Five Facts: Why U.S. Health Care is So Expensive

Five Facts: Why U.S. Health Care is So Expensive

Last week, President Trump announced that the Affordable Care Act should be repealed and replaced with an alternative to be developed by GOP leaders. This declaration was the latest move in the battle for better health care, what has been a lightning-rod issue in Washington for years. Politics aside, data clearly shows that Americans have disproportionately high health care costs compared with the rest of the world. According to the Diabetes Council, the United States spends more than twice the amount of the average health care expenses compared with all OECD countries. And in 2017, Americans spent close to $3.5 trillion on health care alone.

Now, voters are looking for reforms. A CNN exit poll taken during the 2018 midterm elections showed that four in ten voters think health care is the most important issue facing the country today.

Here are five facts on the cost of health care in the U.S. today:  

1. There are a number of reasons why health care is more expensive in the U.S. than other countries. The New York Times reports that, in addition to U.S. citizens paying more for services, they also pay more for administrative costs related to the complexity of the country’s health care system. Doctors in the U.S. also use more technology in their practices, including PET, CT, and MRI exams; the U.S. has 35 MRI machines for every million people while France only has 8.  Moreover, most U.S. providers make more money by performing more tests. This system inherently encourages doctors to treat more rather than being more conservative in their approach.

2. According to Bloomberg News, health care premiums, the monthly cost paid to an insurance company or health plan, continue to increase at a faster rate than both wages and inflation. Average family premiums have increased 55 percent in the past decade; this is outpacing workers’ earnings, which have increased 26 percent, and inflation, which has increased 17 percent, over the same period. Moreover, Bloomberg reports that in 2018, annual family premiums for employee-sponsored health insurance rose to an average of $19,616. This marked the seventh year in a row that the cost of family premiums has increased.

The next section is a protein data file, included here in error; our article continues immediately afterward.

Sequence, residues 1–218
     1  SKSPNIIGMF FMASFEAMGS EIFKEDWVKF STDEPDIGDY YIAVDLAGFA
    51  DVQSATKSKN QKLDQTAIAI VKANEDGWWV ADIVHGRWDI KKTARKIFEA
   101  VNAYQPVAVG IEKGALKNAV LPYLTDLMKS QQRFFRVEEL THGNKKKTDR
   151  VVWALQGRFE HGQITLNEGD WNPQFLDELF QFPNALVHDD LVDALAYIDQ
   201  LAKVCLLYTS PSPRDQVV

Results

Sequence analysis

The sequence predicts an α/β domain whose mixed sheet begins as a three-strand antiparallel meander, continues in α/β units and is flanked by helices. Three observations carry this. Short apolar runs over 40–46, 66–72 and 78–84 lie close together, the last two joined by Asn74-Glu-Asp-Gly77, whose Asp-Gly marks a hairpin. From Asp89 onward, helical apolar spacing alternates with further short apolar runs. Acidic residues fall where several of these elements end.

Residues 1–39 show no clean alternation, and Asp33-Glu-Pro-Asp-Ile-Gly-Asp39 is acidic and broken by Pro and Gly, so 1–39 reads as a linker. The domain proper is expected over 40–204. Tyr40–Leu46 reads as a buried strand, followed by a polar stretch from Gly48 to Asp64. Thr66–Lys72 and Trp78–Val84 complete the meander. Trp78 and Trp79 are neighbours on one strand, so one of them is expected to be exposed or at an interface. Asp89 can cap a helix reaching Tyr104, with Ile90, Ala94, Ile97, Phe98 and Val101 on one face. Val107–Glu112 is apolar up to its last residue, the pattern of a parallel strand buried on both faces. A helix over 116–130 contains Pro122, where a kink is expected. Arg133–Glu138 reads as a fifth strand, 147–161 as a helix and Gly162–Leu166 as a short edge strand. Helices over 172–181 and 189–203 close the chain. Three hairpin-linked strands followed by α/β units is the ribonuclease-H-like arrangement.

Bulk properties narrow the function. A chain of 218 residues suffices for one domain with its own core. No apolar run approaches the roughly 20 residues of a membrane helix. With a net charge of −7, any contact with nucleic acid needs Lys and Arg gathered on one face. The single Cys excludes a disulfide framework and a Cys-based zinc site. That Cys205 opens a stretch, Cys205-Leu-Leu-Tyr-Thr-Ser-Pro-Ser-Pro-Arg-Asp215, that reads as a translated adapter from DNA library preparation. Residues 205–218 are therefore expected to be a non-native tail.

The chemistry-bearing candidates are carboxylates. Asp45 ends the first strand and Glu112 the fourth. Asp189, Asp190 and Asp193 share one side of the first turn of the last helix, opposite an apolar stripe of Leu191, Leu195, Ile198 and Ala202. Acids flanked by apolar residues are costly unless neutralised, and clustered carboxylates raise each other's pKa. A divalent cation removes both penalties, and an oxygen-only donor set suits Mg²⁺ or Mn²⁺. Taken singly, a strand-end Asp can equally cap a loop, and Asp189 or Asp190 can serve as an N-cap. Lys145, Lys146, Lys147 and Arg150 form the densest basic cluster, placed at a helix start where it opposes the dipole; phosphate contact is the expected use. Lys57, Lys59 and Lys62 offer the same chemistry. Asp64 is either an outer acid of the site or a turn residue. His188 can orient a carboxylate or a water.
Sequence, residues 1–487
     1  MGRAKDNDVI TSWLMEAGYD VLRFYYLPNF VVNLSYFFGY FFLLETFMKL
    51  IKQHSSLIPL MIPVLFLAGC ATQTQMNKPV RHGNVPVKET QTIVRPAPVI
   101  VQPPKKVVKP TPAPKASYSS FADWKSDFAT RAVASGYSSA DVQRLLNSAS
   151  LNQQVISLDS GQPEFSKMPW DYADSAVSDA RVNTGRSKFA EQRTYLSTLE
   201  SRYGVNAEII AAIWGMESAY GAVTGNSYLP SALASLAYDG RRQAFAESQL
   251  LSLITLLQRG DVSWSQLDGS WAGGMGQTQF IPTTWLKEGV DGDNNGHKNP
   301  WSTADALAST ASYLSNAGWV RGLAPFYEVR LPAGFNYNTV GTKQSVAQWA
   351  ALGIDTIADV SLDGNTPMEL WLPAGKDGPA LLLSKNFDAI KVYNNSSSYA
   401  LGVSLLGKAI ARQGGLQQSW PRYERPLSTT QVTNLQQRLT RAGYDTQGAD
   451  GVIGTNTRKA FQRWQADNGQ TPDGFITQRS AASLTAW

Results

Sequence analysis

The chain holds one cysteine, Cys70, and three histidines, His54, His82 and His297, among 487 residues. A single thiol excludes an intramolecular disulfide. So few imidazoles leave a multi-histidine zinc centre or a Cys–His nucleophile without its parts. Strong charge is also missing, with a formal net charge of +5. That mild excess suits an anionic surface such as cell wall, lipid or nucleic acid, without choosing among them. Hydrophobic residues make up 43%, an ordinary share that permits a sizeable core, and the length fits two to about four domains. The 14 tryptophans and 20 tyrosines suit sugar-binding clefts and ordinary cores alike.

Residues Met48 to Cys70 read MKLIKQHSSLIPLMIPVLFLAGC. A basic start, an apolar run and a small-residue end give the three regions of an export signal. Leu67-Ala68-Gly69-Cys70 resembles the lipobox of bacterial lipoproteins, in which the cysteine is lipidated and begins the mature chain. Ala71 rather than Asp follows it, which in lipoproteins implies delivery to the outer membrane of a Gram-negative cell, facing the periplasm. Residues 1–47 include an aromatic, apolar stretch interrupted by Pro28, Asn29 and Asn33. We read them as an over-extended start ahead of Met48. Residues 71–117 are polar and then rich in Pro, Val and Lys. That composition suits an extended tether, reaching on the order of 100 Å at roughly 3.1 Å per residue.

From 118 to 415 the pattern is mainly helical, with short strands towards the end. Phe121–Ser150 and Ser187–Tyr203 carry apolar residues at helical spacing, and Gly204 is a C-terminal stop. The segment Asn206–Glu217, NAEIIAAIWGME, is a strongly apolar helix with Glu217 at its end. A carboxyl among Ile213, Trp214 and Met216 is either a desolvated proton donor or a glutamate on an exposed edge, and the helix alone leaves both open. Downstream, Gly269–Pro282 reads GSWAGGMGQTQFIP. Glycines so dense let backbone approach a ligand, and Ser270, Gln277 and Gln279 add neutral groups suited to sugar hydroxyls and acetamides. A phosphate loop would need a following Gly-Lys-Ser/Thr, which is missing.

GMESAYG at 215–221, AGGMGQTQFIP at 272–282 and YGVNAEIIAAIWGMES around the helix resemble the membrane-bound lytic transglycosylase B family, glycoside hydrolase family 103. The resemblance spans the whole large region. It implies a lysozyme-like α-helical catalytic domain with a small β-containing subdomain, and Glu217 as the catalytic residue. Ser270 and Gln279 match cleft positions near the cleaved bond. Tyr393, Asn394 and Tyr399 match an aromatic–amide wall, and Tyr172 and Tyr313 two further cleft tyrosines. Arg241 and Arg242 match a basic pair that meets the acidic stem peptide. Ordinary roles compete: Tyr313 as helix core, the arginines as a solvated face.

3. There are a number of blockbuster drugs in the U.S. that are exponentially more expensive than in the rest of the world. A 2018 Vox report showed that Humira, an injectable drug used to treat autoimmune diseases including rheumatoid arthritis and Crohn’s disease, cost three times as much in the U.S. than in Switzerland. The publication also reported that Harvoni, a medication to treat Hepatitis C, cost $10,000 more in the U.S. than Europe and Avastin, a chemotherapy agent, costs nine times more. Insulin, the lifesaving medication for diabetics, costs $350 in the U.S. but only $50 in Canada.

4. But it’s not just drugs that cost more. Diagnostic tools and surgeries do too. In the U.S., a routine MRI costs twice as much as it does in Switzerland, and an appendix removal in the U.S. costs $12,000 more than it does in Australia. Giving birth is also cheaper abroad; in the U.S., the average cost is close to $11,000, while in Germany it’s just over $2,500.

5. While many of these statistics are discouraging, there are some signs of progress. In September 2018, POLITICO reported that Medicare spending per patient is trending down. And many politicians on both sides of the aisle have committed to addressing some of the runaway costs that plague patients.

No Labels is an organization of Democrats, Republicans, and independents working to bring American leaders together to solve problems.

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